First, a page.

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An airplane attacks the Drops Fire near Shoshone on Friday, July 31.

A wildfire that erupted northwest of Shoshone on Friday was contained by Sunday afternoon—but not before it burned nearly 4,000 acres of land.

Crews battled extreme temperatures and high winds throughout the weekend to fight the Drops Fire, which sparked near Shoshone’s transfer station on July 31. From there, it moved quickly north and west until crews established full containment around 4 p.m. on Sunday.

The fire expected to be fully controlled by 6 p.m. on Wednesday, BLM Fire Information and Public Information Officer Kelsey Brizendine said in a Monday afternoon interview.

The Bureau of Land Management is investigating what started the fire, but initial indications suggest that it was human-caused, according to Brizendine. The Twin Falls District has experienced “a surge” of human-caused wildfires in the past few weeks, she said.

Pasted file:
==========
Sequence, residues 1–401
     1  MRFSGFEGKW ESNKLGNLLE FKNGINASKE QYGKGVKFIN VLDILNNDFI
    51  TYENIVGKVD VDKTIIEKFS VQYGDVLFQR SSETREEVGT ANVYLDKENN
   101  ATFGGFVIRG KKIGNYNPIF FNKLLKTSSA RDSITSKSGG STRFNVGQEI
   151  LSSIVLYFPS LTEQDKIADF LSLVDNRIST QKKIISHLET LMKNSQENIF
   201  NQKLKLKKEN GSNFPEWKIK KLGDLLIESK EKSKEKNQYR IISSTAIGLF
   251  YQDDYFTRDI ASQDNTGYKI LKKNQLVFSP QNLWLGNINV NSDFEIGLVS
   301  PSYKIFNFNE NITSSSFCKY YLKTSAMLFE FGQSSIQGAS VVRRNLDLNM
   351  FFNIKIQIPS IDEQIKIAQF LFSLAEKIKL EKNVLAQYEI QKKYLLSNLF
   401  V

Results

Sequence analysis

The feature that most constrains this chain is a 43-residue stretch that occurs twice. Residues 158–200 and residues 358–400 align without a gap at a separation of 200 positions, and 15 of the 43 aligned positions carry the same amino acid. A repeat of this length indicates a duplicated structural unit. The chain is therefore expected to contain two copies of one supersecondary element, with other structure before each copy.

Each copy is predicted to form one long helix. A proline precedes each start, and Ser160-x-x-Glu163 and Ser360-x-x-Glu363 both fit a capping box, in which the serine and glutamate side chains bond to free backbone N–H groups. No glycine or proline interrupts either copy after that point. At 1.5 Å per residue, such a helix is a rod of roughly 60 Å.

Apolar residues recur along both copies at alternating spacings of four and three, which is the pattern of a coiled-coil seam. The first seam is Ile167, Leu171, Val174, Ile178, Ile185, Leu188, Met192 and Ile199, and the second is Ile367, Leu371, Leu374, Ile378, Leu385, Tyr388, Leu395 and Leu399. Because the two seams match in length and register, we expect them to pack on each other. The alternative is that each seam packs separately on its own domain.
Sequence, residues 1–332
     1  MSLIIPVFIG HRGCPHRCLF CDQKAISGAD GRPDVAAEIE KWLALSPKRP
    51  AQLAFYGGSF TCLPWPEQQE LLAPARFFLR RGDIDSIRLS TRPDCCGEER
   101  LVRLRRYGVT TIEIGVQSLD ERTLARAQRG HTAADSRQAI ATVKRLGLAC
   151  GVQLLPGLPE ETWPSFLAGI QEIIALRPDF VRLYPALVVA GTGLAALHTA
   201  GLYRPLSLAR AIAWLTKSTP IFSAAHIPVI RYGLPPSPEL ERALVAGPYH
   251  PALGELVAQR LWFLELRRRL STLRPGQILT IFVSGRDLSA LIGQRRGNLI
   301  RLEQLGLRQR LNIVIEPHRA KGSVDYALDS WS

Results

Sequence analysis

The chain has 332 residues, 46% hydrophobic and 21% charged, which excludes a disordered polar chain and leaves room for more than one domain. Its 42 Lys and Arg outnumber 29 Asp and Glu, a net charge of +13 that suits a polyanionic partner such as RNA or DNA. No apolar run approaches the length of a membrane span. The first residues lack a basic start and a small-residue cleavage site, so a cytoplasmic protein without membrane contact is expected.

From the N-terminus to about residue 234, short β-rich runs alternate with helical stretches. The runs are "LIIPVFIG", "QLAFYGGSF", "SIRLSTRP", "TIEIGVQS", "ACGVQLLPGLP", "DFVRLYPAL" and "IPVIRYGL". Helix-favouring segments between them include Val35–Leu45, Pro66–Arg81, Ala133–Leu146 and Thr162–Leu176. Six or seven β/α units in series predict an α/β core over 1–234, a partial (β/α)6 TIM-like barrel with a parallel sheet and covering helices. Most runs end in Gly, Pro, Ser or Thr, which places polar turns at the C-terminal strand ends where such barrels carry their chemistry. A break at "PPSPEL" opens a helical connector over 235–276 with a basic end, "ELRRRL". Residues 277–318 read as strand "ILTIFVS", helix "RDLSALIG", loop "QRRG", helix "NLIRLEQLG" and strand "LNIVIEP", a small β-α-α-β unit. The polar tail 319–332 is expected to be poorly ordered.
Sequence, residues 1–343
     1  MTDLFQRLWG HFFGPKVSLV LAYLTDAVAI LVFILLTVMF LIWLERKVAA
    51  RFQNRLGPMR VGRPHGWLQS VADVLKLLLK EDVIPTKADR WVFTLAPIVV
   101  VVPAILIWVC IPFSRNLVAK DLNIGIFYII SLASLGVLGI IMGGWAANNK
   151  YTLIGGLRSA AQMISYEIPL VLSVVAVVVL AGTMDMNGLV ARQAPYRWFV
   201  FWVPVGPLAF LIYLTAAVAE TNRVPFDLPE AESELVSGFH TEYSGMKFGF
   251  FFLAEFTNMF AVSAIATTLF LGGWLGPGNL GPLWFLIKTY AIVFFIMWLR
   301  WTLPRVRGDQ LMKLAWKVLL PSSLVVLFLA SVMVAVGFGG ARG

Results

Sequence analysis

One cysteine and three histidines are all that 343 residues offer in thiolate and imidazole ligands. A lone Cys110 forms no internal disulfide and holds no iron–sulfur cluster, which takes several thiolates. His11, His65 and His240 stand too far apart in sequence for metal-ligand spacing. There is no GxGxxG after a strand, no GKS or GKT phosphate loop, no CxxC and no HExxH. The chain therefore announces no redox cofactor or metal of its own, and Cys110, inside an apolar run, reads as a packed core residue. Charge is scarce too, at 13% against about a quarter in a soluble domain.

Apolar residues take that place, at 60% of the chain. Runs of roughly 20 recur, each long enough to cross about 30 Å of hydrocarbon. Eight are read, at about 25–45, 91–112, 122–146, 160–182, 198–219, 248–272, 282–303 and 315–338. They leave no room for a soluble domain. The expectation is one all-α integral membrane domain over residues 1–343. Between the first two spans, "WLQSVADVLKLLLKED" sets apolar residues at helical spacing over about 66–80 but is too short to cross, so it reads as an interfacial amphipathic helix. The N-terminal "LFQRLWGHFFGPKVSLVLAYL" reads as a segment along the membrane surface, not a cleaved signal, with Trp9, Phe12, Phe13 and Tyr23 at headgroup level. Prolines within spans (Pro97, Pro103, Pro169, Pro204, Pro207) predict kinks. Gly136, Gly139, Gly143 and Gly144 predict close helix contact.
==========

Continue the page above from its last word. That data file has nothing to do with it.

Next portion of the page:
On Saturday morning, a total of 11 engines, two water tenders, two bulldozers, three helicopters and one air attack plane were assisting firefighters on site. The Shoshone, Wendell and Gooding Rural Fire Departments all joined crews from the Forest Service and BLM to fight the blaze.

By noon on Saturday, the fire had spread to 3,827 acres—roughly the size it stayed until containment.

Following containment, crews from the Sawtooth National Forest and BLM-Twin Falls District (TFD) were “mopping up,” or cooling hot spots with hand tools and water.

“At the beginning of the fire, multiple structures were threatened

but that is not the case anymore,” Brizendine said in an interview Monday. “There’s no active fire left—it’s pretty much out.”

The fire zone spans more than three miles east to west between the Big and Little Wood Rivers north of Shoshone, with its easternmost portion about half a mile west of state Highway 75.

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